2024-25 Academic Catalog

Aerospace Engineering

Department Head: Dr. Rani Sullivan (Interim)
Graduate Coordinator: Dr. Adrian Sescu

330 Walker Engineering Building
Box A
Mississippi State, MS  39762
Telephone: 662-325-3623
E-mail: grad-coord@ae.msstate.edu
Website: http://www.ae.msstate.edu

The Department of Aerospace Engineering offers graduate study leading to the degrees of Master of Science in Aerospace Engineering and Doctor of Philosophy with an Aerospace Engineering concentration. Online learning options for these degrees are also available (see http://www.bcoelearning.msstate.edu). Major areas of study are include the following:

  • Aeroacoustics
  • Aerodynamics
  • Aeroelasticity
  • Autonomous systems
  • Structures and composites
  • Computational fluid dynamics
  • Design optimization
  • Fatigue and fracture
  • Fluid structure interaction
  • Guidance and control
  • Nondestructive evaluation

Research in the Department of Aerospace Engineering is performed in state-of-the-art facilities. The Advanced Performance Composite Materials Laboratory focuses on innovative methodologies for structural health monitoring of composite structures. Capabilities include fatigue and fracture testing and non-destructive evaluation. Research in the Autonomous System Research Lab focuses on UAS control and monitoring systems to enable a high degree of autonomous, cooperative behavior in unmanned air and ground systems. Other department facilities include a low speed wind tunnel and a two-stage light gas gun. Faculty and students also conduct research at the Advanced Composites Institute, including the Marvin B. Dow Stitched Composites Development Center, the Raspet Flight Research Laboratory, and the Center for Advanced Vehicular Systems (CAVS), which is a member center of the High Performance Computing Collaboratory. Graduate research and teaching assistantships are available for highly-qualified students.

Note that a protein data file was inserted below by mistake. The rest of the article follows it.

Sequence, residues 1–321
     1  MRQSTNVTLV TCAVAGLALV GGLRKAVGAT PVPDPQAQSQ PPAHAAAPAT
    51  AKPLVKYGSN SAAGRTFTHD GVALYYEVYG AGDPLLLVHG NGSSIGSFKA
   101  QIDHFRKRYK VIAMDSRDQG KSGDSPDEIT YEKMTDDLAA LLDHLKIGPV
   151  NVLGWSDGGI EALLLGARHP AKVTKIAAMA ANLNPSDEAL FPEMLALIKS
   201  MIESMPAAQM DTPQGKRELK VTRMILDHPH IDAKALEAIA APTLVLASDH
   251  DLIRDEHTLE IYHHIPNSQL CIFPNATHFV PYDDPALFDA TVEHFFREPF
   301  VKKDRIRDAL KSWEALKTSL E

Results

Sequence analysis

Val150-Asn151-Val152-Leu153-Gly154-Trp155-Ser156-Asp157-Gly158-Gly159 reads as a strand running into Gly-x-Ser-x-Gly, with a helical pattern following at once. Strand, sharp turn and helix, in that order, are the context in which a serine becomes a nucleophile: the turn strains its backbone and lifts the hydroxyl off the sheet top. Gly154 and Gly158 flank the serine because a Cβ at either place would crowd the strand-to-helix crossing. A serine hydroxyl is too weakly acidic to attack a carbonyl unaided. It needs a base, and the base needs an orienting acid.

Accelerated Program

Highly qualified undergraduates in the Bagley College of Engineering are encouraged to consider applying to the Accelerated Program in Aerospace Engineering. This program permits students to earn up to 9 hours of graduate-level coursework and earn both undergraduate credit and graduate credit simultaneously. Students must consult with the Graduate Coordinator to ensure graduate credit could be applied to a program of study for the graduate degree. Interested students should see Accelerated Programs  for complete information and contact the department's Graduate Coordinator. 

In addition to the University requirements, applicants in the Department of Aerospace Engineering must also meet the following requirements:

  1. Be enrolled at Mississippi State University in one of the eight Bagley College of Engineering programs
  2. Have at least 85 hours earned toward their respective B.S. degree
  3. Have an overall cumulative GPA of at  least 3.50

An application package consists of the following items, which must be submitted to the Graduate Coordinator of the Aerospace Engineering Department:

  1. Application form (NOTE: Students wishing to pursue a thesis in their M.S. program must have the support of an advisor prior to applying for the program).